Since it has already been published in the press, there’s no point in me staying in the closet about it. I really did have a dream that told me “You must organize housing for people with AIDS!”
On December 15, 2002 I awoke from a dream in which a loud booming voice demanded “You must organize housing for people with AIDS!”. The first thought that popped into my head was “Okay, but it can’t be five guys in a room making decisions. It has to stay connected to the people.” I got up and pattered into the kitchen to boil water for coffee. Before the first bubbles formed, I got a call from the building manager, Eddie Rahaim, where my partner James lived. He said “Brian, you and James are so wonderful. We have 2 apartments opening up and we want to rent them to people with AIDS who have a rent subsidy. I figured if anybody in this town knows how to do that, it’s you”. I immediately got into problem solving mode. While he was still talking I flashed back to being the first employee at Positive Resource where we focused on work referrals for people with AIDS. In my mind I said: “Work referrals. Housing Referrals. I know how to do this”, and told him I would get right on it. I called Matthew Bajko at the Bay Area Reporter and described the new non-profit I was starting. He told me to get an office and he would write a story, so I called Tommi Avicolli Mecca at Housing Rights CommitteeSF who talked to his Executive Director, Rebecca Logue-Bouvee and they agreed to provide rent free space in their office. Within the space of 3 hours we have the program concept, office space, and an article in the Bay Area Reporter and another in the San Francisco Chronicle.
Some people will say this dream came from God or the Gods. Some people will seek answers in the DSM (Diagnostic and Statistical Manuel of Mental Disorders). I don’t know where this dream came from. I was on an HIV drug at the time called Sustiva that is well known for producing vivid dreams so maybe that’s what it was. We will never really know and to me it doesn’t matter. For me, the important part is that I am literally living my dream. Which is kinda cool.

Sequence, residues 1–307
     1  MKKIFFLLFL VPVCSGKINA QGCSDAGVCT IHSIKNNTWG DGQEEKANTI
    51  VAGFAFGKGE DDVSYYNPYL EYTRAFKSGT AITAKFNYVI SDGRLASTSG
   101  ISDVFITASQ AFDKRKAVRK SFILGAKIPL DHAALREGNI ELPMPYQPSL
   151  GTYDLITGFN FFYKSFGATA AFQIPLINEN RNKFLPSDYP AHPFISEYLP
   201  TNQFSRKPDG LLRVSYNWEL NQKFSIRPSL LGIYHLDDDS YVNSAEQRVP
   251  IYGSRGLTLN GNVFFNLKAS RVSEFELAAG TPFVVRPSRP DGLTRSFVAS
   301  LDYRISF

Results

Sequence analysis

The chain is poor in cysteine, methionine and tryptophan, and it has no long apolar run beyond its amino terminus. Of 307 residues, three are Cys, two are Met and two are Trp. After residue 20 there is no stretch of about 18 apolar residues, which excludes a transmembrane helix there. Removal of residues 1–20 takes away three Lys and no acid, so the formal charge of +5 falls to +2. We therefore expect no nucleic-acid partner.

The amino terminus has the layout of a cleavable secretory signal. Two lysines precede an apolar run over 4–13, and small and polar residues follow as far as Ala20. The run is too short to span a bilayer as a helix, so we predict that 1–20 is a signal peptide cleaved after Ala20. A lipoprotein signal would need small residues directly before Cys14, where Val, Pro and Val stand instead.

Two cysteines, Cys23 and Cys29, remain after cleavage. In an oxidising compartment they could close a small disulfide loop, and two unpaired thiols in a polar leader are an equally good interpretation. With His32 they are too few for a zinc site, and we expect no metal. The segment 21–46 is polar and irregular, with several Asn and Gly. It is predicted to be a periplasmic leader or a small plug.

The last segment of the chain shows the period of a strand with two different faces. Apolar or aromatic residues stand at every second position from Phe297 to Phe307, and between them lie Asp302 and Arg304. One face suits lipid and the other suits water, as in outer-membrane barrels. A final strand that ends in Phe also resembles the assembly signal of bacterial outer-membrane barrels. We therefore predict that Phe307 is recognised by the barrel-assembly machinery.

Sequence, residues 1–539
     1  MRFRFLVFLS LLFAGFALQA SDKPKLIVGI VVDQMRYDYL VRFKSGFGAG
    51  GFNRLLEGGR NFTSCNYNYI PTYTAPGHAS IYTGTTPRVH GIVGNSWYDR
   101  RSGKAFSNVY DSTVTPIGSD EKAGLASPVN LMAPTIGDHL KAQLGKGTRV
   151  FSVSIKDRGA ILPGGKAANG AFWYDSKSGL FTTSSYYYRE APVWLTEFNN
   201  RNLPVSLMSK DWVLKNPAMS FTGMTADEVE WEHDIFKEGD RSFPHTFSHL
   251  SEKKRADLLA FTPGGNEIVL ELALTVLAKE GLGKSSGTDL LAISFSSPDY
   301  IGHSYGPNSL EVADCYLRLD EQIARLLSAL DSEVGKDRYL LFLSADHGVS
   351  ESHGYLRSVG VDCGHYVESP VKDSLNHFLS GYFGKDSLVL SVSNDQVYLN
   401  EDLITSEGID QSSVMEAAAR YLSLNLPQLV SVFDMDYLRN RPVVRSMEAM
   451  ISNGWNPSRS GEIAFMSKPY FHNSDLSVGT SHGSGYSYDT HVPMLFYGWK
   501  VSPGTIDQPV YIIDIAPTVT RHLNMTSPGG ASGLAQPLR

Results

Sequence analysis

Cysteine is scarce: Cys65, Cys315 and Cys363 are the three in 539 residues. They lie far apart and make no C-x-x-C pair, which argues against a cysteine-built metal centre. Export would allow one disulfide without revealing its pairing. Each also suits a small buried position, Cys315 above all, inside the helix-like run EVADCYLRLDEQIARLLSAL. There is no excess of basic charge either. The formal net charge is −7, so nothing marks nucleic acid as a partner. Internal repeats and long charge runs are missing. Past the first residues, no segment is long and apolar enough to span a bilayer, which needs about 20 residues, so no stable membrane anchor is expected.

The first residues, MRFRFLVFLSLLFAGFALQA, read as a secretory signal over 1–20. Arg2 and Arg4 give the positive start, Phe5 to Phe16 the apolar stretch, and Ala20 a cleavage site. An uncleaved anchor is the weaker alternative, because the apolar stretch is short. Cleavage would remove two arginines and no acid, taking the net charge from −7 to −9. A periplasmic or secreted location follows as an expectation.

Q Foundation believes in a world where all people have a safe, decent, and affordable home. Toward that vision, we prevent homelessness for members of the LGBTQ or HIV+ communities.
Our genesis as a housing rights organization founded and run by disabled people with AIDS informs our values and is guided by three documents: The U.N. Declaration of Human Rights, the Denver Principles, and the U.N. Convention on the Rights of Persons With Disabilities. We suggest clicking on the links above to read the full text of these important efforts to promote human rights. Boiled to its essence is the radically inclusive slogan, Nothing About Us Without Us.
- Being Result Oriented
We value the use of technology to enhance the efficient and effective delivery of services.
The Iron Triangle of Power
Q Foundation understands and accepts that suffering in our communities is inextricably linked to an imbalance of power in society. This imbalance is reinforced by laws that oftentimes preference those with relatively more means at the expense of those with less. For instance, speculative real estate evictions in order to ‘flip’ rental properties for profit is a main cause of homelessness for people with HIV/AIDS in San Francisco. The ability to take this action was voted on and approved by our elected representatives in Sacramento through what is known as the Ellis Act. Efforts to reduce homelessness by changing this law have been thwarted by those same elected officials. Our role is not to side with those who already have attained relative power, but to organize the less powerful to defend themselves against abuse. We embrace and pursue power, with the hopes of implementing systems that help minimize it’s abuse.